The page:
Brisket & burnt ends

Brisket & burnt ends

By
From
The Hang Fire Cookbook
Serves
8-10

Cooking brisket has been by far one of the most difficult cuts for us to get right. Our first taste of real brisket was in Texas. We ate a lot of it there and it was truly life changing. In particular, king of ’cue, Aaron Franklin’s barbecue is, to date, one of the finest plates of barbecue we’ve had the pleasure of eating. The brisket was wobbly, buttery and beefy. It was held together perfectly by a firm peppery bark and was dripping with juices. Eating that brisket almost caused a table-thumping When Sally Met Harry moment right in the middle of his restaurant!

Trying to replicate this standard of cooked brisket in the UK is not without its challenges. We’d love to offer a fool-proof formula here, but that’s not going to happen as this unmarbled, tough cut is an equally tough cookie to crack. You need to persevere with this one, cook many, make notes and learn from each cook. Trust us, you’ll be on cloud nine when you crack it.

Ingredients

Quantity Ingredient
1 x 4kg beef brisket, point end attached and fat cap intact
2-3 tablespoons groundnut oil
200ml brown ale, at room temperature
100ml beef stock, warmed
100g Hang Fire smokehouse barbecue sauce

For the rub

Quantity Ingredient
50g coarse ground black pepper
50g sea salt flakes
10g garlic granules
1 tablespoon chilli powder

Method

  1. First, mix the rub ingredients together well in a tub or shaker and set aside.
  2. Next, trim off any hard, or particularly thick, areas of fat from the brisket. Don’t be overzealous though, as you need to leave a decent fat cap on the top of the brisket, about 3mm, so that it renders into delicious beef ‘caramel’. Turn the brisket over and remove any silver skin or sinew. Put the brisket in a foil tray or roasting tray and rub it all over with the groundnut oil. Dust both sides, catching the edges, with the rub.
  3. Set your smoker up for indirect heat and regulate the temperature between 108°C and 120°C. If you’re using an offset smoker, point the thickest part (the point end) towards the heat source. Throw in a handful of oak chips or a couple of oak wood chunks at this point and put in your brisket. You’re looking at about 12 hours to smoke, think of it as roughly 3 hours per kilogram of meat. Add another handful of oak chips or a couple of oak chunks as and when it burns out for the first 6–8 hours.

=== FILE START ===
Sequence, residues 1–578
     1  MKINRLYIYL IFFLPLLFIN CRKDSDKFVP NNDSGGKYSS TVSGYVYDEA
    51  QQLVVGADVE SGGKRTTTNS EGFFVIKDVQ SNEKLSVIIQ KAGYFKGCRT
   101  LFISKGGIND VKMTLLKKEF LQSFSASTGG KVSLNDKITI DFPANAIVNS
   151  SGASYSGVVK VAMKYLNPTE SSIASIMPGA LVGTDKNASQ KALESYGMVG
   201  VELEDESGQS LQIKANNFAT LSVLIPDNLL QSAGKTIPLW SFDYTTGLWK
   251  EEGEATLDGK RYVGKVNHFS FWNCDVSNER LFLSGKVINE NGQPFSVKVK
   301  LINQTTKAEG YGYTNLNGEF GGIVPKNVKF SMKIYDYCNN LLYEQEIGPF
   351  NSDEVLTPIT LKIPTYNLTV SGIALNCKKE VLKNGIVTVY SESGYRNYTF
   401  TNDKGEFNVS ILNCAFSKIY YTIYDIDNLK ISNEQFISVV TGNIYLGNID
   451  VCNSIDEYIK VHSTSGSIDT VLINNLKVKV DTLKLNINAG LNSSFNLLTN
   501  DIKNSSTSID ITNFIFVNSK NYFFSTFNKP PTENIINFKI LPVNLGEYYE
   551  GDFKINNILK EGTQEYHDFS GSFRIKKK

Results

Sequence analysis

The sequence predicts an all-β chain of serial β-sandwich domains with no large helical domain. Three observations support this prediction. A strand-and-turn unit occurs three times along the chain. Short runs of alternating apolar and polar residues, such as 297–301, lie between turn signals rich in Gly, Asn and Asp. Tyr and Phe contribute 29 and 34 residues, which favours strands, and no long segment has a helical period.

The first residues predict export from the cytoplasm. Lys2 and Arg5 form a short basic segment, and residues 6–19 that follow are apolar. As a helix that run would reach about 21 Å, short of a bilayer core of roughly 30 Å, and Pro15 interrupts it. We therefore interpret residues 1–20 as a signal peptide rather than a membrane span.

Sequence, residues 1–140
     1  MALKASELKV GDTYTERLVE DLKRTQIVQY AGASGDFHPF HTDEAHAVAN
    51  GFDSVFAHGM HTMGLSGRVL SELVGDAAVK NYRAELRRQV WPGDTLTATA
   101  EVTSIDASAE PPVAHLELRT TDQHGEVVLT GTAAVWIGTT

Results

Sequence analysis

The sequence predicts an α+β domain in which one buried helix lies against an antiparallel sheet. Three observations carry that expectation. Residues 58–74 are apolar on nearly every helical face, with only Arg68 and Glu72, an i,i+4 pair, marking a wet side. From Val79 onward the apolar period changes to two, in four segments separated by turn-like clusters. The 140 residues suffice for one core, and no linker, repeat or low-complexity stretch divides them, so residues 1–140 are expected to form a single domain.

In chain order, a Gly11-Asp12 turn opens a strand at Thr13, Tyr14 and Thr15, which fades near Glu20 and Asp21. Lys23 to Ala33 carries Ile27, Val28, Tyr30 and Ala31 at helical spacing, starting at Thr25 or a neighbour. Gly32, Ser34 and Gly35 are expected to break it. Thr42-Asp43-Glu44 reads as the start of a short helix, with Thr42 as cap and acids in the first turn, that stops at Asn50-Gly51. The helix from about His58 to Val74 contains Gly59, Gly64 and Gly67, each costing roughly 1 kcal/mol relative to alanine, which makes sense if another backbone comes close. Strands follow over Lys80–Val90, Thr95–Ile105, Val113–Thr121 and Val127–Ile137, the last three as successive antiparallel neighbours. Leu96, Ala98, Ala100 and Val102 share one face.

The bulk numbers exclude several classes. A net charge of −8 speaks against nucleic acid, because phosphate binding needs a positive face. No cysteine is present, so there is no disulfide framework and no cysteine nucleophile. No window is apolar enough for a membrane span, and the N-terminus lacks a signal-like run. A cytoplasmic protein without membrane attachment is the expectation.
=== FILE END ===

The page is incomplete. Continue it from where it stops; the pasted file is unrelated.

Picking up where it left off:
4. At the 7-hour mark, you want to think about the Texas crutch (where the beef is wrapped in foil with stock or beer). It is a little controversial, however with lean, grass-fed beef, we’ve found this a necessary step in producing a tender, juicy brisket. To make a Texas crutch, take 3 metres of foil, fold it twice into thirds, with the remaining third as a flap. Bring the edges of the foil up a little, put your brisket in the middle and pour in the stock and ale. Bring the flap over, wrap tightly, expelling as much air as possible, and crimp the edges like a giant pasty. Pop the brisket back in the smoker. Obviously, don’t add any more wood after this point.
  5. At the 12-hour mark, you want to start taking the temperature. Careful where you poke the instant-read thermometer – you don’t want holes in the sides of the foil as the liquor will to start spouting out. Take the temperature using your instant-read thermometer from both the point and the middle of the flat. You’re testing for tenderness here, as opposed to the temperature. Does the tip of the thermometer slide into the meat easily, or does it still feel a little tough? Most folks, including us, recommend a minimum temperature of 90°C but we’ve had briskets take until 98°C before they’ve felt tender.
  6. When you’re happy with the tenderness of the brisket, you’re on the home straight! Just a few more steps before you reach brisket nirvana…
  7. Undo the seam of the foil carefully (as that steam is going to be piping hot) and pour the braising liquid into a pan. Reduce over low heat to make a gravy. At this stage, you might want to make Burnt Ends: holding the brisket with heat-proof gloves, slice off the point end (which should be a very visible, raised muscle that sits on top of the flat) and cut the meat against the grain into 5cm cubes on a chopping board. Glaze the cubes in the barbecue sauce and place in a new foil tray in the smoker for a further 4–5 hours, or until it is fork-tender.
  8. Reseal the foil seam and put the brisket in a cool box and wrap the foil parcel in tea towels. Let it rest for anywhere between 1 hour and 2 hours. Take it out, remove all the foil and place on a chopping board. Let it breathe for 10 minutes while the bark starts to dry out. Take a sharp carving knife and slice the brisket, against the grain, into 5mm thick slices. Serve with white onions, pickles and a little pot of the reduced gravy for dipping the slices in – and crack open another beer, heck you deserve it.

You got beef

  • So, imagine our surprise when we discovered that not all briskets smoke the same or taste the same. We’re up against it a little in the UK as our beef is generally grass fed and often grain finished. In the US, they are almost entirely grain fed, making for way more marbling and bigger bovine. However, times are a-changing and with the demand for brisket growing in the UK, many butchers are sourcing cattle with longer grain-fed finishing times. We have great ones in the UK from Wagyu, Dexter, Angus and other prime cattle varieties. If you want something special, find a good butcher that will help you. It’s fun to try a USDA brisket to see the difference, however, we’d always push for supporting the hardworking British farmers.

Wood

  • Oak

Cooking methods

  • Indirect Grilling/Smoking
Tags:
barbecue
BBQ
Southern
America
Deep South
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